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Rex Scott and Colin Russell grew up together in Jamaica, and came to the United States to play soccer at Lincoln University in Jefferson City. They started the Jamaican Jerk Hut as a food truck in 2005.

First came soccer. Colin Russell and Rex Scott came to Jefferson City from Jamaica to play the beautiful game at Lincoln University, and even after college, kickabouts became a staple of each week, a Saturday night tradition.

And a staple of every kickabout was Russell and Scott setting up a grill after.

“We would start grilling and having a few beers,” Russell says. “And then we realized people were coming and wanting us to share.”

Russell and Scott, who have been friends since grade school, were cooking to fill a need, at first. Unable to find Caribbean cuisine in mid-Missouri, they started making it for themselves.

It wasn’t long until they were making it for other people, too.

Some started bringing hunks of meat to be cooked, and Scott says their post-soccer grilling turned into “a block party.”

To gauge interest, they set up a tent during Homecoming. They ran out of food in a couple of hours.“We were like, ‘People really like this stuff,’” Russell says. “It just went on from there.”

They started the Jamaican Jerk Hut food truck in 2005 and opened their first brick-and-mortar location, primarily for takeout, in Columbia in the spring of 2018. In February, they expanded once again, opening a second, larger restaurant in Jefferson City.

Scott says the restaurants feel like part of the quintessential Jamaican experience.

“The vibe is no-frills — very, very relaxed,” he says. “Which is indicative of the kind of the way typical Jamaicans carry themselves. It’s not pretentious — you get what you get. It’s not fine dining. We like to have people come into the restaurant for the food, but we also like to impart some of our lives so that they leave with a little.”

And while most of their customer base are Americans broadening their palates, Jamaican Jerk Hut fills the need that Russell and Scott had in their college days. The taste of the Caribbean is the taste of home for some customers.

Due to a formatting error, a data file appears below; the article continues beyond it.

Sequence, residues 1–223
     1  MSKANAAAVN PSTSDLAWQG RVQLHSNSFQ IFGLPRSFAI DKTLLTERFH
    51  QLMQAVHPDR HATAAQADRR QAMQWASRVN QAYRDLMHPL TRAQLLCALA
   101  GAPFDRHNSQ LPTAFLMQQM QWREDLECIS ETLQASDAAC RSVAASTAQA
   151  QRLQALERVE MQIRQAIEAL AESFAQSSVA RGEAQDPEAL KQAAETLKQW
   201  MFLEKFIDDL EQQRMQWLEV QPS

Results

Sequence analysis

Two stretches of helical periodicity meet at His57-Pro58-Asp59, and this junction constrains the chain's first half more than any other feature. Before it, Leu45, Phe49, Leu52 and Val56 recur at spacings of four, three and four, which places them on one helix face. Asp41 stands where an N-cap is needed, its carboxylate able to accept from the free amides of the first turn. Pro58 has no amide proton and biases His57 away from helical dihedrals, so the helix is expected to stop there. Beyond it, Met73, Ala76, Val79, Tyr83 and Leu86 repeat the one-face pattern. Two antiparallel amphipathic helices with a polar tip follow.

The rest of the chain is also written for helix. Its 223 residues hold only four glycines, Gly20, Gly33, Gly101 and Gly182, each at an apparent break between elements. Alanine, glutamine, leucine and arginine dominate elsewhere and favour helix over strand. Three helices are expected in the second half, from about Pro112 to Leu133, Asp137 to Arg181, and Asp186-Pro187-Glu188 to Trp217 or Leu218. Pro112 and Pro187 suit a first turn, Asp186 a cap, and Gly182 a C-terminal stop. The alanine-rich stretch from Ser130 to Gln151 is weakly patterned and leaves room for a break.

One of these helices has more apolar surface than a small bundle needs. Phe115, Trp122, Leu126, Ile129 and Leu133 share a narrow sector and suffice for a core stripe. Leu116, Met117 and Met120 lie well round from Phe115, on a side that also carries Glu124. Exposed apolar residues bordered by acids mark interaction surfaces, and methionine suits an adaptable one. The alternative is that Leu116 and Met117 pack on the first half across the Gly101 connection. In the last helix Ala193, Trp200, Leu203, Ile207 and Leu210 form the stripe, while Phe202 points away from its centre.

“They really appreciate it,” Russell says. “It’s somewhere they can come and we can share languages and laugh and joke. Just seeing that makes them feel proud.”

Jamaican jerk food film strip

One source of pride is the restaurant’s jerk chicken, a Jamaican classic. Russell says most customers like to group the dish with rice and potato salad — and a glass of Jamaican Jerk Hut’s Rasta Lemonade.

Scott is coy when discussing the beverage’s secret ingredient. “I like to tell people that I only know two ingredients and (Russell) knows the rest — water and sugar,” Scott jokes.

Outside of their restaurants and food trucks, Russell and Scott find ways to stay connected to the way their business began: evenings of soccer.

Scott says he still plays twice a week while Russell is working his way back into the sport. Both are fans of Liverpool, the defending European champions who are atop the English Premier League standings as the league prepares to resume play.

“We’re about to take that title,” Russell says while talking about his favorite team.

He and Scott know a thing or two about winning trophies. Even though soccer and cooking have switched positions of prominence in their lives since the days of cookouts after the final whistle, their over-40 team won its league last year.

Between a food truck, two restaurants and that soccer league championship, Russell and Scott know how to make their hobbies successful. Maybe they have a secret ingredient for that, too.

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